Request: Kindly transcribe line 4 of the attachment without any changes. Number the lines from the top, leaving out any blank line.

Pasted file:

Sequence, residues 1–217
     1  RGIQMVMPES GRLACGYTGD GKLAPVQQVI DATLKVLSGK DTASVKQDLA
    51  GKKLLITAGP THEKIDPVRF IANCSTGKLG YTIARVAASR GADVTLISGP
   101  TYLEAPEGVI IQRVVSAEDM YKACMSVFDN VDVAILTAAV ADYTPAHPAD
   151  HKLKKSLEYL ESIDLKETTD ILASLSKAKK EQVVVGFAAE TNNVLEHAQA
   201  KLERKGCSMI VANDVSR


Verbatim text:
   101  TYLEAPEGVI IQRVVSAEDM YKACMSVFDN VDVAILTAAV ADYTPAHPAD